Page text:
Moody's cut its ratings on the long-term debt of BNP and Credit Agicole by one notch to Aa3, concluding reviews that began in June and were continued in September. Societe Generale's long-term debt was cut by one notch to A1.
The downgrades were driven by the increasing difficulties the banks were having in raising funding and the worsening economic outlook, Moody's said.
Late on Thursday Europe's banking watchdog, the European Banking Authority (EBA), said the region's banks must find 114.7 billion euros of extra capital, more than predicted two months ago, to make them strong enough to withstand the euro zone debt crisis and restore investor confidence.
But Moody's said its ratings did take into account the fact that all three French banks were likely to benefit from state support if the crisis deepened.
"Liquidity and funding conditions have deteriorated significantly for," said Moody's, adding that the banks have historically relied on wholesale funding markets.
"The probability that the will face further funding pressures has risen in line with the worsening European debt crisis."
All three of the banks have undertaken programs to sell assets to reduce their reliance on outside funding, but Moody's said that since many European banks were doing the same thing such asset sales might not generate as much money as the banks hoped.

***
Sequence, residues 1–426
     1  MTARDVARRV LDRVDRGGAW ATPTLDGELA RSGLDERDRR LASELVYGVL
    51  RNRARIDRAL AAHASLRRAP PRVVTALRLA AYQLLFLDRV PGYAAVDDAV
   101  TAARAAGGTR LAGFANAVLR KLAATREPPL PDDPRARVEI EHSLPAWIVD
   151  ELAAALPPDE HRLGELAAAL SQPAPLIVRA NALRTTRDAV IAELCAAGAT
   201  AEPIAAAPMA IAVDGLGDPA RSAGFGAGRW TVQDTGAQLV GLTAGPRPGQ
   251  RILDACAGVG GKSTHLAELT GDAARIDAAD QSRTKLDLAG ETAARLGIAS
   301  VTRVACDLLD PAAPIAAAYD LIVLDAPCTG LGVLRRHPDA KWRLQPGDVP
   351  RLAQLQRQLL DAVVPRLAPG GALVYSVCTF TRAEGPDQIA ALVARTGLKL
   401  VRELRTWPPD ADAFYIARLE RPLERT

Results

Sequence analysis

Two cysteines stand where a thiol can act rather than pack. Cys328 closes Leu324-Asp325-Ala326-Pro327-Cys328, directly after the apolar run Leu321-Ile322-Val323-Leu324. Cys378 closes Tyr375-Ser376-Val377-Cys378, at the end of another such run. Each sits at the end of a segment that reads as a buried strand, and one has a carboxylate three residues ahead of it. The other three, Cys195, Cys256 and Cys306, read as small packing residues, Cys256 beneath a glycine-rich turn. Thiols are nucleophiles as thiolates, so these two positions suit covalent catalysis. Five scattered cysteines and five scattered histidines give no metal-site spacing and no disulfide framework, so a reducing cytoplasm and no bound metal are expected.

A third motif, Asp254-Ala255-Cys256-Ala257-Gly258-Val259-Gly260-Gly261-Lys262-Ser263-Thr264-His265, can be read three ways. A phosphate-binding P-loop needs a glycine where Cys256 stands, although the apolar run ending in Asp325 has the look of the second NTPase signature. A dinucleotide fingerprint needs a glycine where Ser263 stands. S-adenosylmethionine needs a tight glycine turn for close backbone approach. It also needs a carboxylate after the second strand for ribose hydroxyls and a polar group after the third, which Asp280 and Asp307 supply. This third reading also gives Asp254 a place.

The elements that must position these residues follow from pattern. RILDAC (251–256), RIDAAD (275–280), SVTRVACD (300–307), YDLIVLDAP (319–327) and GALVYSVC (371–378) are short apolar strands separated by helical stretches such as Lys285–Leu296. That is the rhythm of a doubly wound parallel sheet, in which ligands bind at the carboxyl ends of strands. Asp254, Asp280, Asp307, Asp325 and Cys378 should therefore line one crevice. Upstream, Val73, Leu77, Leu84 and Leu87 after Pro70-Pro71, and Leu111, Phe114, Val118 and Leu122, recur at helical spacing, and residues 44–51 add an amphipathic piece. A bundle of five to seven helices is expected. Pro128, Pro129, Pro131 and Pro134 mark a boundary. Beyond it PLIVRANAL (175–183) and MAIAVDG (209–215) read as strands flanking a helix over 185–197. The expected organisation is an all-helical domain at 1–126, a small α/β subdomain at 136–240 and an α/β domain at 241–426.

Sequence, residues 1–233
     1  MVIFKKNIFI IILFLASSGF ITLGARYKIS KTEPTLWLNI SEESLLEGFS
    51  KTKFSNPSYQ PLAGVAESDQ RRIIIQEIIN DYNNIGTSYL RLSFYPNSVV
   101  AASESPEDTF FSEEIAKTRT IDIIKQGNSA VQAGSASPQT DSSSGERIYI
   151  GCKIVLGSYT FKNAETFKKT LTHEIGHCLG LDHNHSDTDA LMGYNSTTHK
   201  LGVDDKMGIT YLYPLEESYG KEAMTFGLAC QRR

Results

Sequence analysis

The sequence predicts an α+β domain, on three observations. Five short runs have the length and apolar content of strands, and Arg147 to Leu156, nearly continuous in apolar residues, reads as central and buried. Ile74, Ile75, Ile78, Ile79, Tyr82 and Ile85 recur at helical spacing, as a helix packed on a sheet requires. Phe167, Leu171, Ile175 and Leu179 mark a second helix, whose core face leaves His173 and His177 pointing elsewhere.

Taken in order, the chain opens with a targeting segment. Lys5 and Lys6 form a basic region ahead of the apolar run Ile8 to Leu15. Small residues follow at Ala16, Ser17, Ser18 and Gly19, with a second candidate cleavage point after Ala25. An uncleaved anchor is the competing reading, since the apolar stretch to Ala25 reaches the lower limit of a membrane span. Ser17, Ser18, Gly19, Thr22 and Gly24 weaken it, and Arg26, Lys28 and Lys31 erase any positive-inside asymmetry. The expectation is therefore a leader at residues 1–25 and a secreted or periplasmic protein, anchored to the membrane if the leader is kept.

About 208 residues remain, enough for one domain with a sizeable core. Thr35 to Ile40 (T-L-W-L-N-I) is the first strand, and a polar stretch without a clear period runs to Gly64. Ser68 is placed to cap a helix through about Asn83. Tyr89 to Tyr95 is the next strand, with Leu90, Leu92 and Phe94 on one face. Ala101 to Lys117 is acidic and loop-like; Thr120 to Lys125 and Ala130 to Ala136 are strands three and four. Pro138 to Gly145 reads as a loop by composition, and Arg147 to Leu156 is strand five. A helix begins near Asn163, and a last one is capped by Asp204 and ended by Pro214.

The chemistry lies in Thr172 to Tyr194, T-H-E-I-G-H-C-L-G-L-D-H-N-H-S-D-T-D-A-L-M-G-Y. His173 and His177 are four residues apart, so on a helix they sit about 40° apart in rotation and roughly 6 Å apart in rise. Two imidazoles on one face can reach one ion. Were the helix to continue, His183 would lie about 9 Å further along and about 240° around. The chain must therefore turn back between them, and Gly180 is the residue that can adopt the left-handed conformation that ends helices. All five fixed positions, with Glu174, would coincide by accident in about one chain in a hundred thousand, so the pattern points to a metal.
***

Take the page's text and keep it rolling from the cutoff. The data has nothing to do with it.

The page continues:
On Thursday, France's Autorite de Controle Prudentiel (ACP) regulator said the France's biggest banks needed to find 7.3 billion euros ($9.7 billion) in fresh capital by mid-2012, lower than a previous estimate of 8.8 billion euros.
The Moody's downgrade comes shortly after Standard & Poor's placed its ratings on BNP, Credit Agricole, and Societe Generale on "credit watch with negative implications" on December 7.
S&P had earlier put a series of European states, including France, on watch negative over fears that political leaders were not moving decisively enough to curb the deepening sovereign debt crisis.
The three French banks could not immediately be reached for comment.